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Rising N2O emissions pose as Climate Threat

Adya Menon

15th October 2020

Nitrous Oxide (N2O), commonly known as laughing gas, is rapidly affecting the Paris agreement's climate goals. This gas, having invaded the atmosphere for over 100 years, is 300 times more vigorous and robust than carbon dioxide. The study was led in the US and consisted of 48 research institutions that are a part of the Global Carbon Project and the International Nitrogen Initiative.

Nitrous oxide in the lethal state (Source: medical express)

The use of the nitrogen fertilisers used in food production increases the nitrous levels in the atmosphere. A 20% rise in the nitrous oxide magnitude has been discovered in the pre-industrial groups, making civilians aware that the N2O has grown immensely over the last five decades due to the emissions by various human pursuits. "The dominant driver of the increase in atmospheric nitrous oxide comes from agriculture, and the growing demand for food and feed for animals will further increase global nitrous oxide emissions. There is a conflict between the way we are feeding people and stabilising the climate", said Professor Hanqin Tian to Tribune India.

According to the director of the International Center for Climate and Global Change Research at Auburn University's School of Forestry and Wildlife Sciences, who helped lead this study, as reported from Science Daily. Nitrous oxide, a potent greenhouse gas, can destroy and deplete the stratospheric ozone layer, which ultimately shields the earth from the sun's UV rays. According to Inside Climate, Ben Lilliston, Director of Rural Strategies and Climate Change at the Institute for Agriculture and Trade Policy, said that when the manure isn't accessible to oxygen towards the bottom of the pit, it gets slowly changed and converted into nitrous oxide.

It also happens when the waste gets overlapped to cropland. Burning of specific fuel sources produces Nitrous oxide. They also appear as a by-product of chemicals like nitric acid and adipic acids. Treating domestic wastewater also generates Nitrous oxide. This study teaches an all-inclusive nitrous oxide inventory which collaborates with the natural and human linked sources. It also accounts for the biochemical procedures and the nitrogen additions to the earth's structure. Nitrogen additions lead an increment of 30%, followed by human-made emissions to croplands over the past 40 years to 7.3 teragrams of nitrogen per annum.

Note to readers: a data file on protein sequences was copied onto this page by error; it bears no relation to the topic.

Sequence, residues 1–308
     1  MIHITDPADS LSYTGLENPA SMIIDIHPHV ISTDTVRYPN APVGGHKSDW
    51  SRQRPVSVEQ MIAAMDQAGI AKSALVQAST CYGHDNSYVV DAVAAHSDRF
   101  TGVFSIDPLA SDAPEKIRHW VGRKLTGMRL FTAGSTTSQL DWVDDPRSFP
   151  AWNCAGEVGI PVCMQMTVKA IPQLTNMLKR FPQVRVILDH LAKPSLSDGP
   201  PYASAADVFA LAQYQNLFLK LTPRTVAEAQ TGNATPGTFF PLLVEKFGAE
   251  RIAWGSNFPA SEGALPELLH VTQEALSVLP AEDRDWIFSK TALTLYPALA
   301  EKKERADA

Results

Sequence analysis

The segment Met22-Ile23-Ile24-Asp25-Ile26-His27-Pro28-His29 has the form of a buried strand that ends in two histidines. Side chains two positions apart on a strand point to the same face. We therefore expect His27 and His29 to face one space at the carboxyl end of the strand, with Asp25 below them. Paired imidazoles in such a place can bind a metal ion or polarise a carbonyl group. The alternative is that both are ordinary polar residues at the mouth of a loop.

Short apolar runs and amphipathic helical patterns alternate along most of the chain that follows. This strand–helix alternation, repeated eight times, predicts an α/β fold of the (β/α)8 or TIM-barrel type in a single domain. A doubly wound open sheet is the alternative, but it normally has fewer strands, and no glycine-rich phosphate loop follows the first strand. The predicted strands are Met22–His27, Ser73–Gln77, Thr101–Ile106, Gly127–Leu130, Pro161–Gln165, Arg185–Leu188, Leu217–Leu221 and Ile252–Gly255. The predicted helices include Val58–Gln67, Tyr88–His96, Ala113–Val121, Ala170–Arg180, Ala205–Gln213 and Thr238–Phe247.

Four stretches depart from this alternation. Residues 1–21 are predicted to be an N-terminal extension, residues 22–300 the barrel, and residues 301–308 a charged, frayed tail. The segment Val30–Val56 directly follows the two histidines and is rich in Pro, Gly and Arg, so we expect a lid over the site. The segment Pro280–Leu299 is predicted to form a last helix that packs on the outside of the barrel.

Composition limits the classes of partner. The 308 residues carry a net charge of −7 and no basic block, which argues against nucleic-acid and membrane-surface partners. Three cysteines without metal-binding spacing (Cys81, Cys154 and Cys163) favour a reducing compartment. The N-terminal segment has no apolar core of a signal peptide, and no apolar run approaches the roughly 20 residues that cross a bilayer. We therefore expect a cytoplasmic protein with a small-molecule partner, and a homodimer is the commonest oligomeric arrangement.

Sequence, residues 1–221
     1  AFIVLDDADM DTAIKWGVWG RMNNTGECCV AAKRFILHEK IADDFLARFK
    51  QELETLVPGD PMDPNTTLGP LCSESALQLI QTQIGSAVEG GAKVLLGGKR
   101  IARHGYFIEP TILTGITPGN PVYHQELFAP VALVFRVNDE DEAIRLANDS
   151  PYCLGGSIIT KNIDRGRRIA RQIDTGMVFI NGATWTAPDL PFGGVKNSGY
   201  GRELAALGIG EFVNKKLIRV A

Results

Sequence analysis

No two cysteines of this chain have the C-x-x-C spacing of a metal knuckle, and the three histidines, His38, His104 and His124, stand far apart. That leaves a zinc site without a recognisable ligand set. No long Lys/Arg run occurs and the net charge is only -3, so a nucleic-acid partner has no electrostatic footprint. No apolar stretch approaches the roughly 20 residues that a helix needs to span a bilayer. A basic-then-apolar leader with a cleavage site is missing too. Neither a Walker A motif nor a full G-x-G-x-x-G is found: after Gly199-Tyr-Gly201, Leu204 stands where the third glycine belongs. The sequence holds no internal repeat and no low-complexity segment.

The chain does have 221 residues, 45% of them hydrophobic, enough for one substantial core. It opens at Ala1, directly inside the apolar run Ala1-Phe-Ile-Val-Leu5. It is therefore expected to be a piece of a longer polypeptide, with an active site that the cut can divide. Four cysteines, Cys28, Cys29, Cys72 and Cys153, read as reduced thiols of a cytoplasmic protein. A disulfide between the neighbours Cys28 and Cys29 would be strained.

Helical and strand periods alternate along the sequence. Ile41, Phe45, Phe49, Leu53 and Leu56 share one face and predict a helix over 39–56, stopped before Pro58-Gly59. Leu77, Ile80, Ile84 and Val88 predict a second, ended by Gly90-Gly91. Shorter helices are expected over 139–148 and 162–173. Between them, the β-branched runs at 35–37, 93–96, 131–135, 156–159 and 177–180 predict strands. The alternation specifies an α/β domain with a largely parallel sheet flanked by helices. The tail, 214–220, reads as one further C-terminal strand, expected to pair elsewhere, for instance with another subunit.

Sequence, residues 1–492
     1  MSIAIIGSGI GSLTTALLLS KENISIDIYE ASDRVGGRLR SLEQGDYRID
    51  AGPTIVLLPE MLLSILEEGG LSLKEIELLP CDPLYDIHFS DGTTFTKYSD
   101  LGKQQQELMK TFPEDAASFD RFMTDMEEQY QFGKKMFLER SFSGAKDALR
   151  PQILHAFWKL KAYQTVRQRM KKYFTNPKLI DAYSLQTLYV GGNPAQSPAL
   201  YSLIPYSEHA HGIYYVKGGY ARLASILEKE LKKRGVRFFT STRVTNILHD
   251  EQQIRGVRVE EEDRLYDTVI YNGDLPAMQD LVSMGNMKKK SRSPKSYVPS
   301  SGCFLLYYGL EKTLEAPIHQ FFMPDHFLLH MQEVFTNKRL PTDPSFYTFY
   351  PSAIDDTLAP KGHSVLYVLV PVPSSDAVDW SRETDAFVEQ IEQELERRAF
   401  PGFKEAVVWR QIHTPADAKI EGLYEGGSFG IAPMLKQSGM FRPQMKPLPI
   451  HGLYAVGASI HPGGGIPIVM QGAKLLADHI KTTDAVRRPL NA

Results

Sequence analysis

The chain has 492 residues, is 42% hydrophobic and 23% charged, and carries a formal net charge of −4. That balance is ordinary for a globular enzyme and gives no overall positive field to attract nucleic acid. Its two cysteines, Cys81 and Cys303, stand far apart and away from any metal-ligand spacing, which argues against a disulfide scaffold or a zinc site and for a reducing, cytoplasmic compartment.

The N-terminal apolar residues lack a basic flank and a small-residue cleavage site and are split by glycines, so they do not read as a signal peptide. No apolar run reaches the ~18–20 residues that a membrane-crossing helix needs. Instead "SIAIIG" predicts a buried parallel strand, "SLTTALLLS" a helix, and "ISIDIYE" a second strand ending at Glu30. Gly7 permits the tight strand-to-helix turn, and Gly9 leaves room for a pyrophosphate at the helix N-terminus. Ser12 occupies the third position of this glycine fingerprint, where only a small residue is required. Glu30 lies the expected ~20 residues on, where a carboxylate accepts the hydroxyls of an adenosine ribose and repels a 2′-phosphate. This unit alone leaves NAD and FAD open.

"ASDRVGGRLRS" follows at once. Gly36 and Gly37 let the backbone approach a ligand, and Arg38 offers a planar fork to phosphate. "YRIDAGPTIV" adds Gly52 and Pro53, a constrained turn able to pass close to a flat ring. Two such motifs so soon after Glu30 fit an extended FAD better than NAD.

As reported from PR News Wire, Parvadha Suntharalingam, a lead UK author of UEA's School of Environmental Sciences, said, "This study presents the most comprehensive and detailed picture to date of N2O emissions and their impact on climate. This new analysis identifies the factors driving the steadily increasing atmospheric levels of n2o, and highlights the urgent need to develop effective mitigation strategies if we are to limit global warming and meet climate goals".

"This new analysis calls for a full-scale rethink in the ways we use and abuse nitrogen fertilisers globally and urges us to adopt more sustainable practices in the way we produce food, including the reduction of food waste. These findings underscore the urgency and opportunities to mitigate nitrous oxide emissions worldwide to avoid the worst of climate impacts", said the co-leader Josep 'Pep' Canadell, of the Commonwealth Scientific and Industrial Research Organisation (CSIRO) in Australia who is executive director of the Global Carbon Project, as reported by Science Daily.

East Asia, South Asia, South America, and Africa are the largest global N2O emissions suppliers. China, India, and the US are dominated by synthetic fertilisers, whereas the emissions from the implementation of livestock manure as fertilisers influence countries like Africa and South America. Emerging economies such as Brazil, China, and India have cosmic growth rates in emissions where the livestock numbers and crop production have increased.

There are various pollutants apart from carbon dioxide that is rapidly warming our climate. The scientists worldwide have been warning about nitrous oxide's risks, and still, there's been a small scale global action towards it. Reducing the nitrous oxide levels in the atmosphere could lead to a faster and massive impact on global warming since it also has a much shorter life span. According to Ravi Ravishankara, an atmospheric chemist at the Colorado State University, it intimately connected to food. He co-chaired the United Nations panel on 'Stratospheric Ozone' from 2007-2015. He also claimed that one could imagine limiting carbon dioxide, less Methane, and less of lots of things but that nitrous oxide is so much a food production issue.

As per Inside Climate News, Ron Dobosy, co-author of the study, NOAA, says that until Wilkerson's discovery, the Arctic lacked nitrogen tremendously, and now since there is a positive presence of nitrous oxide, it would have to be researched further. He also says that the harmful effects of Methane are covered more and more heavily, and it's high time that nitrous oxide is covered more too.

Sources: Science Daily, InsideClimate News, Tribune India and Pr news wire.

Edited by: Ishita Jha

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